Congenital heart disease (CHD) is a congenital malformation caused by anomalous development of the heart and central vessel in foetuses and a major cause of infant death and morbidity. According to epidemiological surveys, the incidence of CHD is 6 to 10 in every 1000 live births. The advantages of percutaneous interventional treatment in older patients with CHD have been confirmed. Determination of the normal range of lengths and diameters of the central veins and arteries under angiography is valuable for guiding manufacturers in the production of suitable catheters and other in-vessel equipment and guiding clinicians in selecting catheters with an appropriate size during interventional treatment. As temporary devices are improved and as the sizes of delivery systems gradually decrease, studies have increasingly shown that percutaneous occlusion is less invasive than surgery and may therefore be the preferred alternative in younger infants (<3 years old). Currently, the central vascular diameters of infants and pediatric patients are measured by vascular ultrasound. Ultrasound examinations have been applied in the vessel trees of pediatric patients to evaluate vascular depth, internal diameters, vessel routes and regularity, closeness to other anatomical structures (e.g., arteries or nerves), and probable anomalies (i.e., haematomas, thrombus or anatomical variants).[5–8] A variety of limitations, such as the proficiency of ultrasound physicians, a lack of cooperation in subjects, and the compression of vessels by the ultrasound probe, make it difficult to use ultrasound imaging technology to accurately measure and estimate the normal range of vascular diameters in infants <3 years old. Measurements of central vascular diameters are more accurate when performed by angiography than by ultrasound. However, previous studies have not determined the normal range of vascular diameters in infants <3 years old with CHD, which makes it difficult for clinicians to select appropriate catheters and to explore many of the risks and complications associated with CHD.[9–11] To provide data from living subjects, the diameters of femoral arteries and veins should be measured in pediatric patients using angiographic images.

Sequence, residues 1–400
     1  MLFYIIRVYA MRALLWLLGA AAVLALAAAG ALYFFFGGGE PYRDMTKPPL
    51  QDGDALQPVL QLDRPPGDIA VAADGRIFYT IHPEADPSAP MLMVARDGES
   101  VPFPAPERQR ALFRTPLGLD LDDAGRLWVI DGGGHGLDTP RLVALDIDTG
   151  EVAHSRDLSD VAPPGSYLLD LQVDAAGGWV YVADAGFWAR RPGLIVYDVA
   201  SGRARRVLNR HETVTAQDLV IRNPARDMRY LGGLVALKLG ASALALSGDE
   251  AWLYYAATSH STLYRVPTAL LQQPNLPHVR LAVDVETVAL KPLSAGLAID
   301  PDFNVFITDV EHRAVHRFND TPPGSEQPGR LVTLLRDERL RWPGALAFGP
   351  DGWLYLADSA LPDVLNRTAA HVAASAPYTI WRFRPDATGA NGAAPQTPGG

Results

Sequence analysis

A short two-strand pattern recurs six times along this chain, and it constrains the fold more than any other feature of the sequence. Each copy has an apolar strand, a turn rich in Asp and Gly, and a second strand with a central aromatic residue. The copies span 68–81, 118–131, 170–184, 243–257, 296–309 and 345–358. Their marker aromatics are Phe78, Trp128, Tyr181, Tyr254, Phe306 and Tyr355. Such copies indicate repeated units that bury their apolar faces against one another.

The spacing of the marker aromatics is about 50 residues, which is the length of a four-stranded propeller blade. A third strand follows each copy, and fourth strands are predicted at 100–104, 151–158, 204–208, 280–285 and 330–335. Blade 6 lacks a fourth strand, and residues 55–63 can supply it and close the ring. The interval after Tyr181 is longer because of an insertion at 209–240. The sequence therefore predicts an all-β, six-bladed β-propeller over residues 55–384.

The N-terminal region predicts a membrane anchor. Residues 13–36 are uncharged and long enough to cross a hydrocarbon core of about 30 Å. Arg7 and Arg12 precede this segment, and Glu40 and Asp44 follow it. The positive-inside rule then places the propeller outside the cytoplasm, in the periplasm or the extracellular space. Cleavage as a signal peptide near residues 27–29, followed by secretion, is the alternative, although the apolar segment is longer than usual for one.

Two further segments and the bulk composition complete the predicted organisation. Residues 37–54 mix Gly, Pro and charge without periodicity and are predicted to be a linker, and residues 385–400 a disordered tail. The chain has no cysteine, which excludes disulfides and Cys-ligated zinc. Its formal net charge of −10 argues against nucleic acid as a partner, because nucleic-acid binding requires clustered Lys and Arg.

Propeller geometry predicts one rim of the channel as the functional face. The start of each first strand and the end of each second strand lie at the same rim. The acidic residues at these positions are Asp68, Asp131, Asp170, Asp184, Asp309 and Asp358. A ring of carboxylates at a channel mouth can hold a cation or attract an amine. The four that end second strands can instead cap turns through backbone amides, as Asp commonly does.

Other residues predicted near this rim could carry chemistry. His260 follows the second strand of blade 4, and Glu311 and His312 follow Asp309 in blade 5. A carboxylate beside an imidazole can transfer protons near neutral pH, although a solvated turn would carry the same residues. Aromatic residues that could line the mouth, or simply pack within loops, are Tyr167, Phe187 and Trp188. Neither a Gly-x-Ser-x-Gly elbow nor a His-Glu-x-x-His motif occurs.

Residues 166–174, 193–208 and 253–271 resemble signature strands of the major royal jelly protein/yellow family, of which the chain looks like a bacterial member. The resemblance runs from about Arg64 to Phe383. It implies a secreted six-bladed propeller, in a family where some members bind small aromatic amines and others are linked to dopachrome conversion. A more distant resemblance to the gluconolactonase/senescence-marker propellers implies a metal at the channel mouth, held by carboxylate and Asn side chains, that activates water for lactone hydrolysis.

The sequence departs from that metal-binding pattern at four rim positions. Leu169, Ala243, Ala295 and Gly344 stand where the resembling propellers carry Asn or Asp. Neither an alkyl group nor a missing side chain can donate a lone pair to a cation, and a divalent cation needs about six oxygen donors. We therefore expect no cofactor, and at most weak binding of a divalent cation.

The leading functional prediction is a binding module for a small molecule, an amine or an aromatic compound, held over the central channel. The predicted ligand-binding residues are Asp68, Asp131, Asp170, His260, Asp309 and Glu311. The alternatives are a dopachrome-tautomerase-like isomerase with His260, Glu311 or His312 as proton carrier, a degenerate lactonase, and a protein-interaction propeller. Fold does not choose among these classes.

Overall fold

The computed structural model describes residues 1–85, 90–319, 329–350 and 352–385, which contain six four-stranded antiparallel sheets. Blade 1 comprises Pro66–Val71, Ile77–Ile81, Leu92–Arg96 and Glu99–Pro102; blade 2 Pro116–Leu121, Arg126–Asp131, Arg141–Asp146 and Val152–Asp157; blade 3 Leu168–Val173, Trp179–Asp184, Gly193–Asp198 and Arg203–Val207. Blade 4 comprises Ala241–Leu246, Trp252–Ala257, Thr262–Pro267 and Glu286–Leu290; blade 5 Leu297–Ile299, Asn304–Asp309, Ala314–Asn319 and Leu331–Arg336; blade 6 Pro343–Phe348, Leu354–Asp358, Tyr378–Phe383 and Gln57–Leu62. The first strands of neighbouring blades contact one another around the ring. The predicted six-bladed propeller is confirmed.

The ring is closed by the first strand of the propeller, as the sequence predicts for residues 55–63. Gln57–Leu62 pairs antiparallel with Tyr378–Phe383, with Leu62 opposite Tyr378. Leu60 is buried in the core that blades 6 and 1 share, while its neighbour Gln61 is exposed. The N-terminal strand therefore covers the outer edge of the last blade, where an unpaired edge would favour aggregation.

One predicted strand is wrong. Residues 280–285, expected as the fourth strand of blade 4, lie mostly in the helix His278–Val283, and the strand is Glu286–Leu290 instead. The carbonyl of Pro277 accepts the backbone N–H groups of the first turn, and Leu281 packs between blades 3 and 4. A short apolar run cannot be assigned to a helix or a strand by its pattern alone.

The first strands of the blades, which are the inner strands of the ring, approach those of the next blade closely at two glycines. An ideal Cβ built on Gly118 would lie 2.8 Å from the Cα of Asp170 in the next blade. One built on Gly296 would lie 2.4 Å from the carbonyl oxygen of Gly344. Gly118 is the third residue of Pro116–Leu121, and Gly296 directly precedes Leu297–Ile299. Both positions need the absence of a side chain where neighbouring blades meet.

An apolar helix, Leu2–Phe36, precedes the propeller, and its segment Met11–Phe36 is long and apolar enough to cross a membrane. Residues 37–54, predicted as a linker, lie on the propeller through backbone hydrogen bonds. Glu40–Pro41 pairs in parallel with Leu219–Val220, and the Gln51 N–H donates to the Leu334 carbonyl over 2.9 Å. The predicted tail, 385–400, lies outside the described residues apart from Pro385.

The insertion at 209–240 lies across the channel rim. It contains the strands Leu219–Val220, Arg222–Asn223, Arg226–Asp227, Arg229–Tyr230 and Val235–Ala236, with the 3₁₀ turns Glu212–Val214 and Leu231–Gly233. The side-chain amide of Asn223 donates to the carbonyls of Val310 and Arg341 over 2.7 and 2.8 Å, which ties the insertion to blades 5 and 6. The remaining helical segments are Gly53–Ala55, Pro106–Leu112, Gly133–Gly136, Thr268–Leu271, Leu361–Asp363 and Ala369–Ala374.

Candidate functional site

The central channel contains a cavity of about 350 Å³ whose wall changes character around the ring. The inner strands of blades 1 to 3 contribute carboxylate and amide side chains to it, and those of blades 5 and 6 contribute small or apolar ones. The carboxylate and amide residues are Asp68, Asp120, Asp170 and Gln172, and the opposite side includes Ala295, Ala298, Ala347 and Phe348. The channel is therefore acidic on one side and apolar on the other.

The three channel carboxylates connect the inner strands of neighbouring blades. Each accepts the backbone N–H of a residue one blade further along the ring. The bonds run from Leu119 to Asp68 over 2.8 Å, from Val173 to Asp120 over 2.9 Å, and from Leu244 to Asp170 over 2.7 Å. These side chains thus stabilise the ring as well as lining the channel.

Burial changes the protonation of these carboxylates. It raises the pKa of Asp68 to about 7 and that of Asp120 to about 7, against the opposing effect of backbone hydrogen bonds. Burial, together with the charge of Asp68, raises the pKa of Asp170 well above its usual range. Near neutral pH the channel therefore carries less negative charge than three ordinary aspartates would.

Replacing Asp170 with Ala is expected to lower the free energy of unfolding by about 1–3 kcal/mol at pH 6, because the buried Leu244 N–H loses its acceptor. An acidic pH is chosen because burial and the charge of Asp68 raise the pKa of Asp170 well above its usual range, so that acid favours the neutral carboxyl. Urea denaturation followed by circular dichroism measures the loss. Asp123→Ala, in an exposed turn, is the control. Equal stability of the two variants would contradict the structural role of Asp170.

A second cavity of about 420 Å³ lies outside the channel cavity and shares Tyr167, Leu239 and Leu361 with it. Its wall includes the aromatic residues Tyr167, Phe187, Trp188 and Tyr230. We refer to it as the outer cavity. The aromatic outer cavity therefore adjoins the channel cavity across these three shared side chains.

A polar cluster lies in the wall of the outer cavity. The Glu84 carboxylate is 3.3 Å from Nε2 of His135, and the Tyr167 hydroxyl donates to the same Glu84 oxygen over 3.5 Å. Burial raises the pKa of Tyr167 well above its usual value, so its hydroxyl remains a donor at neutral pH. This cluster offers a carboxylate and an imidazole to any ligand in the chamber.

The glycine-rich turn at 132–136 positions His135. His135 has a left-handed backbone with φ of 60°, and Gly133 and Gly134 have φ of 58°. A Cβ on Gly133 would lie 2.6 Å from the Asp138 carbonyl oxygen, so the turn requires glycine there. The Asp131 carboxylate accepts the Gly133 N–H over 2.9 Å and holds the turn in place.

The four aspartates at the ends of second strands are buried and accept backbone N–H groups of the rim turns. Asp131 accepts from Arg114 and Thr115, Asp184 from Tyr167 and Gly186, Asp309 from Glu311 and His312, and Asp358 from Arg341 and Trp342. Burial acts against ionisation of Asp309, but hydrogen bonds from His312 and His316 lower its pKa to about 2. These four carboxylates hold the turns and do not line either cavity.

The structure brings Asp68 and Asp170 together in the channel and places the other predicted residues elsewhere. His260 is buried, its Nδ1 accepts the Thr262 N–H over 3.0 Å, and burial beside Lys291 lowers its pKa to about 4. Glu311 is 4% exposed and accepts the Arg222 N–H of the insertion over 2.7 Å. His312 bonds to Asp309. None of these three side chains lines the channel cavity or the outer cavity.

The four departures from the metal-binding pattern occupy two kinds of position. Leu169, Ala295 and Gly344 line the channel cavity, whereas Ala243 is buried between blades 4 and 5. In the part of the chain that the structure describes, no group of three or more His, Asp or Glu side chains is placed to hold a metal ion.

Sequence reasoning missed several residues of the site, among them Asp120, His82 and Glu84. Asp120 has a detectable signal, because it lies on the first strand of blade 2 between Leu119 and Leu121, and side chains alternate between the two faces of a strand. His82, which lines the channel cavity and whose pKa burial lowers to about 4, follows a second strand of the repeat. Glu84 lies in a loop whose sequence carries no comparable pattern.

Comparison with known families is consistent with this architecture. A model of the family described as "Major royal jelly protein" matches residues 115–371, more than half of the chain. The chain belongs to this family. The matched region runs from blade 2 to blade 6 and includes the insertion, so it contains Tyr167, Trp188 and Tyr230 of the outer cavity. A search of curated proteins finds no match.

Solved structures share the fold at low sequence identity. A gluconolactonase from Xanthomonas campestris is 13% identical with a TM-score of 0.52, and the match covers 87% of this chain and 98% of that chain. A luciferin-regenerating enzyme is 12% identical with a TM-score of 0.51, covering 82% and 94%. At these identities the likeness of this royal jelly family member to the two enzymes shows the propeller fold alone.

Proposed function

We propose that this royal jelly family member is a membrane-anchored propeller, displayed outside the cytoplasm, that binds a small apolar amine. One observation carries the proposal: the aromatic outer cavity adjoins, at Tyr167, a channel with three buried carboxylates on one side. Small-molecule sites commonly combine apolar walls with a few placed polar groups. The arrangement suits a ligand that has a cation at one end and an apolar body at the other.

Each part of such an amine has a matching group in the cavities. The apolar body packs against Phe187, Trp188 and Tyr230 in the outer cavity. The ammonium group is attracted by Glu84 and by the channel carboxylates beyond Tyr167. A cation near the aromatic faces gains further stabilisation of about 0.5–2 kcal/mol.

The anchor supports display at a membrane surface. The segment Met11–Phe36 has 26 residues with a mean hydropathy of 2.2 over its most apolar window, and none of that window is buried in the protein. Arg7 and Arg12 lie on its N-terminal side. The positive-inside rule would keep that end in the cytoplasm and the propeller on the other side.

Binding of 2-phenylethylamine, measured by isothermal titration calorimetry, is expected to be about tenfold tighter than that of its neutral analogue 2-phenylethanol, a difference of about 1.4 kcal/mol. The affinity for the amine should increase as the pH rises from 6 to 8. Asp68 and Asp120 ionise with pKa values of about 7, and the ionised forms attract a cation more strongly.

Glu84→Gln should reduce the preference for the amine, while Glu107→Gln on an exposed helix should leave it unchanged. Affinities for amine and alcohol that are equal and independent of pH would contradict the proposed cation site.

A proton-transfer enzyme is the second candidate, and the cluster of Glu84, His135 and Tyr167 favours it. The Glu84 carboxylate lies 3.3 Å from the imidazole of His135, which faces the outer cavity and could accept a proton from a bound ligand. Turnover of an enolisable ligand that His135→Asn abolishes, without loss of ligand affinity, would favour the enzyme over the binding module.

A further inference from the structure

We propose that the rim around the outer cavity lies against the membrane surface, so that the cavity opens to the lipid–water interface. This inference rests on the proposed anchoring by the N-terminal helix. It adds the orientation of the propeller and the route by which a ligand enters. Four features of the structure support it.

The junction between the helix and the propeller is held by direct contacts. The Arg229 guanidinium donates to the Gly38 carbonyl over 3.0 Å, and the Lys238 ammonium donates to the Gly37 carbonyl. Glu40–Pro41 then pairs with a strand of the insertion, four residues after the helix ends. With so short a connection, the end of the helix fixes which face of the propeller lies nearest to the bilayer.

Angiographic detection was used in this study to compare vascular diameters with anthropometric and demographic variables in pediatric patients with CHD younger than 3 years old. A multiple linear regression equation related to age, weight, height and the surface area of the body was used to estimate the normal range of femoral vascular diameters in pediatric patients to facilitate device selection during radiation interventions.
2 Patients and methods
The same healthcare team calculated the weight in kilograms (kg) and height in centimetres (cm) of all patients. The weight was measured using a digital scale, and the height of the patients was measured with a regular test tape from the highest point of the head to the tarsus. Age is given in years (y) and/or months (m). The body surface area (BSA) of the patients was determined in square metres with the Mosteller formula[12,13]: BSA = [height (cm) × weight (kg)/3600]1/2.
After successful intubation, 5 to 8 ml of ioversol (320 mg/ml) was injected through the femoral artery sheath, and an image was obtained. We used a position 8 to 10 mm below the edge of the femur as a reference point, and we measured 3 groups of data at 5 mm above and 5 mm below the reference point. The mean value was used as the diameter of the femoral artery. The diameter of the femoral vein was measured by the same method. All measurements were performed using a GE Innova 3100-IQ digital plateau cardiovascular system.